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    Author(s): Robert R. ZiemerLeslie M. Reid
    Date: 1997
    Source: In: Sari Sommarstrom (ed). What is watershed stability? Proceedings, Sixth Biennial Watershed Management Conference. 23-25 October 1996. Lake Tahoe, California/Nevada. University of California, Water Resources Center Report No. 92, Davis, California. p. 43-56.
    Publication Series: Miscellaneous Publication
    PDF: View PDF  (582 KB)

    Description

    Abstract - Important new lessons are not in technical details, but in how to scale up the details to apply to large watersheds and landscapes. Nearly three years of experience with the Northwest Forest Plan have revealed some major new challenges in the fields of watershed science. In particular, managers and resource specialists engaged in watershed analysis continue to struggle in three principal areas: 1) issue identification and integration of information from multiple disciplines; 2) establishing the context of issues within a multiplicity of spatial scales; and 3) establishing the context of issues within a multiplicity of temporal scales.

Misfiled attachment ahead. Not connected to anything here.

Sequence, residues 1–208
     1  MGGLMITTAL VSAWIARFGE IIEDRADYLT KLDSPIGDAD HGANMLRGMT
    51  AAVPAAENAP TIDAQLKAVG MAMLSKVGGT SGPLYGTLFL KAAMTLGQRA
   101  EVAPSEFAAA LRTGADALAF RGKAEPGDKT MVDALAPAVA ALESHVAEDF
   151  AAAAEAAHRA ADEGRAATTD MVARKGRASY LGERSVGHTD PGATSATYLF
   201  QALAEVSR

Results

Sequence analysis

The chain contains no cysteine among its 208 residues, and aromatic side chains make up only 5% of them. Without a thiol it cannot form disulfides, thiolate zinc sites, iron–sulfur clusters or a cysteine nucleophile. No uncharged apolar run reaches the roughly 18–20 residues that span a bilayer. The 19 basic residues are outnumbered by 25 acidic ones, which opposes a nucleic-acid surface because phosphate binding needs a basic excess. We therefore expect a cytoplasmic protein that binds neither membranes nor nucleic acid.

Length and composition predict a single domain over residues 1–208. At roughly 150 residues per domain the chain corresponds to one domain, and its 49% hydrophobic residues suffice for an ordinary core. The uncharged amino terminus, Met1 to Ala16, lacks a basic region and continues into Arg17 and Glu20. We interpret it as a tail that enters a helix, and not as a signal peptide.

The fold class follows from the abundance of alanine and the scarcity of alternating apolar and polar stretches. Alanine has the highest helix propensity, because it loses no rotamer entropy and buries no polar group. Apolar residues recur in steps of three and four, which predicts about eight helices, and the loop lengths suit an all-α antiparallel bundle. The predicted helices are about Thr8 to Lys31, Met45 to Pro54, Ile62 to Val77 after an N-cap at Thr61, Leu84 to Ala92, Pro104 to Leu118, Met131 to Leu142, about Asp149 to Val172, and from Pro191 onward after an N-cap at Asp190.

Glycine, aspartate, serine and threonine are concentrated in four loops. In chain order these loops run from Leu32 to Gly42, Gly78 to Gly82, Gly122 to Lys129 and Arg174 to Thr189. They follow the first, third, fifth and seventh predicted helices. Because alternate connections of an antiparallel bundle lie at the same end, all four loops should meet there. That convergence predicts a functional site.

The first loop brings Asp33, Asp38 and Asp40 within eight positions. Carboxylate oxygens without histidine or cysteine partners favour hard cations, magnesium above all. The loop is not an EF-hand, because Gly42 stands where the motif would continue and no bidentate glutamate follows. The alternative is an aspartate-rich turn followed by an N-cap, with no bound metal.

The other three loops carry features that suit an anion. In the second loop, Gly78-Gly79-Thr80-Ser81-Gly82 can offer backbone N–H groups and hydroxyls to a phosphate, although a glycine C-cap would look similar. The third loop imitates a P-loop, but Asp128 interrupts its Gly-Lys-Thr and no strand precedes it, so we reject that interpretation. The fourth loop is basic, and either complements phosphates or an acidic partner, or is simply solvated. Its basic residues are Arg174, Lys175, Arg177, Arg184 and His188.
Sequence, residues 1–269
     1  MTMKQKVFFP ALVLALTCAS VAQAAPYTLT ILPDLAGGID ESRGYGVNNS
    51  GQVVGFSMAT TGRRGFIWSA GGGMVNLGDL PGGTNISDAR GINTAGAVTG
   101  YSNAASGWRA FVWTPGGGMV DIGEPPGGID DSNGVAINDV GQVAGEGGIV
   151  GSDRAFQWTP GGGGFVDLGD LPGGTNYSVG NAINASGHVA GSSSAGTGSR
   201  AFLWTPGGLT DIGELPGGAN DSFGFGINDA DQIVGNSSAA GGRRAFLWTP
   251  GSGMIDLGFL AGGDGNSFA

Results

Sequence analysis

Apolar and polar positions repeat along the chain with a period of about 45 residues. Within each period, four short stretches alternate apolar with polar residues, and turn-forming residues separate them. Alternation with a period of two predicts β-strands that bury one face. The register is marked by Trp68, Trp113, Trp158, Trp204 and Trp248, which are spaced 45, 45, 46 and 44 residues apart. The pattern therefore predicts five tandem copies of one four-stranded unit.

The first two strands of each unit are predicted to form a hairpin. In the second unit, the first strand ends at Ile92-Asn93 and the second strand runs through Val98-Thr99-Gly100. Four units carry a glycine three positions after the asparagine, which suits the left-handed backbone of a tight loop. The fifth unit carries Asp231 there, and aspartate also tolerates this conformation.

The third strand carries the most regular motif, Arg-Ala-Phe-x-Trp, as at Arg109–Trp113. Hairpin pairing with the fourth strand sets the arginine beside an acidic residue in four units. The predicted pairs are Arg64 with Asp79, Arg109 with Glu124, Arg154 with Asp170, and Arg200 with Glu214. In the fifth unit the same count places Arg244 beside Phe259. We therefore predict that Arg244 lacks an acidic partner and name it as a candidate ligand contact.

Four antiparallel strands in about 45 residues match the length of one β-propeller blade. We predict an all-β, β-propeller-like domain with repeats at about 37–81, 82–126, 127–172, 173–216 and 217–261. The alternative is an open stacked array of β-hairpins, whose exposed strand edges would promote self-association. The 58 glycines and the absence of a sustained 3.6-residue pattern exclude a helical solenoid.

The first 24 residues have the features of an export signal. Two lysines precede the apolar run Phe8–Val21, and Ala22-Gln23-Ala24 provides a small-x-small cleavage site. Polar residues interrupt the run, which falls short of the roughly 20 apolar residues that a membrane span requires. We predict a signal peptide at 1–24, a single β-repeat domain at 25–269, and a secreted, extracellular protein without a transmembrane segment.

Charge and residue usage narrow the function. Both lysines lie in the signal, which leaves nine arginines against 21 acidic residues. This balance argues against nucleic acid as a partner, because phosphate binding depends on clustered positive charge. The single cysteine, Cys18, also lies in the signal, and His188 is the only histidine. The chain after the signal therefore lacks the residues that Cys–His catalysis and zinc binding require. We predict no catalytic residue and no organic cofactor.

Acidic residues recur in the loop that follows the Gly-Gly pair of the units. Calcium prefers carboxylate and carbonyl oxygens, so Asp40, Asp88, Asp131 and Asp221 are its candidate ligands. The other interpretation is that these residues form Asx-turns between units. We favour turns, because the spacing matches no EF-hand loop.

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    Citation

    Ziemer, Robert R.; Reid, Leslie M. 1997. What have we learned, and what is new in watershed science?. In: Sari Sommarstrom (ed). What is watershed stability? Proceedings, Sixth Biennial Watershed Management Conference. 23-25 October 1996. Lake Tahoe, California/Nevada. University of California, Water Resources Center Report No. 92, Davis, California. p. 43-56.

    Keywords

    PSW4351, watershed analysis, watershed restoration, Redwood Creek basin, geomorphology, ecosystems, interdisciplinary approach

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